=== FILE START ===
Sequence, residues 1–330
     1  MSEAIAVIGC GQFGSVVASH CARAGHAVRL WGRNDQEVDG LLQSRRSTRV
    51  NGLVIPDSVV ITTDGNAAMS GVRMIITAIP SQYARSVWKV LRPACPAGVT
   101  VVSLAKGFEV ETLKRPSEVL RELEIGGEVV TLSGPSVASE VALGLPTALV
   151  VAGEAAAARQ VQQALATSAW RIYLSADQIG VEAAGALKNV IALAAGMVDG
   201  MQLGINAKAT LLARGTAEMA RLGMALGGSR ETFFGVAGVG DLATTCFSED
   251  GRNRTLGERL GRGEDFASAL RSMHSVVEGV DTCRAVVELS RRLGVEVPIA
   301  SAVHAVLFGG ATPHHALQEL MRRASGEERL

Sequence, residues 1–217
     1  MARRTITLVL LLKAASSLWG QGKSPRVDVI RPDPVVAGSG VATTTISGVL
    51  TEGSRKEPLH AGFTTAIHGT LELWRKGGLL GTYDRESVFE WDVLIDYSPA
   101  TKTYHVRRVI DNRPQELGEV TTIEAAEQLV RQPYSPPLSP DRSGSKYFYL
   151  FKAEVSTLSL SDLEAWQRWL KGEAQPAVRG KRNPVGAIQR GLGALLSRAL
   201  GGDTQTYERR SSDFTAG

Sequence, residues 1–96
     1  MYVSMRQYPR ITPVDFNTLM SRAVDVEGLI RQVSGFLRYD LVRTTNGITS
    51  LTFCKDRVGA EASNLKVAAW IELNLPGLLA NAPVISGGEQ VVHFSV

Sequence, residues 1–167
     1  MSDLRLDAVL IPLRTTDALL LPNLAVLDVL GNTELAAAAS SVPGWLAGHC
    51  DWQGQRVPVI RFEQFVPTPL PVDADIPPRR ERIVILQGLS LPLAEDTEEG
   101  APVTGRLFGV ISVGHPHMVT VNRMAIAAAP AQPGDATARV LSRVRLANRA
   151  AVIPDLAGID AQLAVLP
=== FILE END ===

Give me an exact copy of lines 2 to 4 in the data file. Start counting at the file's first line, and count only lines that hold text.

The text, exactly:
     1  MSEAIAVIGC GQFGSVVASH CARAGHAVRL WGRNDQEVDG LLQSRRSTRV
    51  NGLVIPDSVV ITTDGNAAMS GVRMIITAIP SQYARSVWKV LRPACPAGVT
   101  VVSLAKGFEV ETLKRPSEVL RELEIGGEVV TLSGPSVASE VALGLPTALV